In order for the devices and machine learning algorithms that make our lives easier and more efficient to operate as intended, they need some way of gathering information about the environment around them. A seemingly endless variety of sensors exist to fill this role, from cameras and microphones to motion and temperature sensors. Another class of sensors — stretchable strain sensors — are able to detect and measure strain or deformation in a material. This gives them capabilities that cannot easily be replicated by other sensing methods, and makes them a natural choice for a variety of applications, including structural health monitoring, robotics, and wearable technologies.
One of the most common technologies employed to create stretchable strain sensors is the use of piezoresistive materials. These materials, such as carbon nanotubes or graphene, change their electrical resistance in response to applied strain. Using this approach, it is possible to detect even very small strains with a high degree of sensitivity. However, these materials do not have a very large range of motion, and tend to break when subjected to higher levels of strain. While other methods can create sensors that are able to take a lot of strain, they are not nearly as sensitive.
And therein lies the problem — strain sensors can either be sensitive, yet minimally stretchable, or very stretchy, yet not very sensitive. To accommodate more applications, a best of both worlds approach is needed. A team of researchers at North Carolina State University may have developed just such a strain sensor that hits the sweet spot between durability and sensitivity. They have recently reported on a soft, stretchable resistive strain sensor constructed with a novel fabrication method that gives it these unique properties.
The sensor consists of a network of silver nanowires that have been embedded in an elastic polymer made of polydimethylsiloxane. A series of parallel cuts are made on the surface of the polymer in a zigzag pattern. This patterning allows the polymer to stretch further, adding to the range of motion of the sensor. Additionally, as the zigzag pattern stretches, portions of the sensor lose electrical contact with one another, which in turn changes the electrical resistance of the material. This change in resistance is measurable, and allows for very accurate strain measurements to be captured.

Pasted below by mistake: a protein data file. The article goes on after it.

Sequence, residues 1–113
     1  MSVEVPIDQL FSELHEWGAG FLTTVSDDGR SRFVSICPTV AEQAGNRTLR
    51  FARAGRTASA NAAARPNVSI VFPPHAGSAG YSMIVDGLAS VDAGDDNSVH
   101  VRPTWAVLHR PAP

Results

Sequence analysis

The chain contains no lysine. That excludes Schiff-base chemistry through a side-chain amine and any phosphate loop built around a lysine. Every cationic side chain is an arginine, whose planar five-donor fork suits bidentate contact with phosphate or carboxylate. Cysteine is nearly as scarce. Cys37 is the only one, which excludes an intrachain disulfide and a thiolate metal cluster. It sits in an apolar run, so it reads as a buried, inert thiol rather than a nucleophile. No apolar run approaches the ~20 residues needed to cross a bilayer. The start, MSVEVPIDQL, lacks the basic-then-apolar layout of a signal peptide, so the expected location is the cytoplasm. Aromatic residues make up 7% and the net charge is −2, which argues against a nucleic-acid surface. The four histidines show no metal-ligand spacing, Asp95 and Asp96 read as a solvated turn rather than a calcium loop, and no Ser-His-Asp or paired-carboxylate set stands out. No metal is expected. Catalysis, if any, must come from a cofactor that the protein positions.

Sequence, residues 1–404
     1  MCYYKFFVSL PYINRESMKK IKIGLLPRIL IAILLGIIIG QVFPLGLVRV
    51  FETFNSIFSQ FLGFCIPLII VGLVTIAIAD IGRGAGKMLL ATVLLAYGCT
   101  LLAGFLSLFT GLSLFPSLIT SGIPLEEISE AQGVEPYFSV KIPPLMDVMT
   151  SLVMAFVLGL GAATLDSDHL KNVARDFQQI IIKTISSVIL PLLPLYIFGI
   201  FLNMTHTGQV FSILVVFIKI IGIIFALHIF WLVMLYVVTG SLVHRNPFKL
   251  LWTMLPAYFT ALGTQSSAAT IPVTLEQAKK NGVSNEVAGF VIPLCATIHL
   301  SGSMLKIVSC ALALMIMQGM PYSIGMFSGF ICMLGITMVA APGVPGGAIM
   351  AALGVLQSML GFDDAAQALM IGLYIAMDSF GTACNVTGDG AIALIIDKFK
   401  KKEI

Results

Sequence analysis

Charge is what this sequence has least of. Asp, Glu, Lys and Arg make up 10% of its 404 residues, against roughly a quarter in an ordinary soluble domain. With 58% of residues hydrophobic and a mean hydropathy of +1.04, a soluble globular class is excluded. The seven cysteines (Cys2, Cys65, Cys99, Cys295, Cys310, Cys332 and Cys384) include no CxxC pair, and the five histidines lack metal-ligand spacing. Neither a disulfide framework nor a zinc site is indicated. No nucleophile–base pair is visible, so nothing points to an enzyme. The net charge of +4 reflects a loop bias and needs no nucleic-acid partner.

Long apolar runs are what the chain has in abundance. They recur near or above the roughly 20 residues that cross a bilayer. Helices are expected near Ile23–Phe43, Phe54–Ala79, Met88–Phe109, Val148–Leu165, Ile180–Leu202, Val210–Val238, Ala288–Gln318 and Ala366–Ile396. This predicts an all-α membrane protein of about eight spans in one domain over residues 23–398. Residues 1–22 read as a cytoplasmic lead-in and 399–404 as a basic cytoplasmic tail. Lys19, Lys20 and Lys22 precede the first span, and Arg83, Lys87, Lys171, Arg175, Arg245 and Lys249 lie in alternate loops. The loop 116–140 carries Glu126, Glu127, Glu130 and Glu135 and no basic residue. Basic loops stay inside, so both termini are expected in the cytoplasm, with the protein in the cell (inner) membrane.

After conducting a study to better understand the effect of differing slit depths, slit lengths, and pitch between the slits, the researchers were able to optimize the performance of their strain sensor. They then created a number of devices to demonstrate the unique capabilities of the sensor. In one example, to show how sensitive their sensor is, they created a wearable blood pressure monitor. To demonstrate that this sensitivity is also paired with durability, they developed a wearable device for monitoring motion in a person’s back, which may be useful in physical therapy applications. Finally, they showed off all of these qualities at once with their three-dimensional touch controller for a video game.
Looking ahead, the team believes that it will be easy to incorporate their sensor into existing wearable materials, like clothing and athletic tapes. And that is not the end of it either — they are continuing to refine their work and see many more possible applications ahead in the future.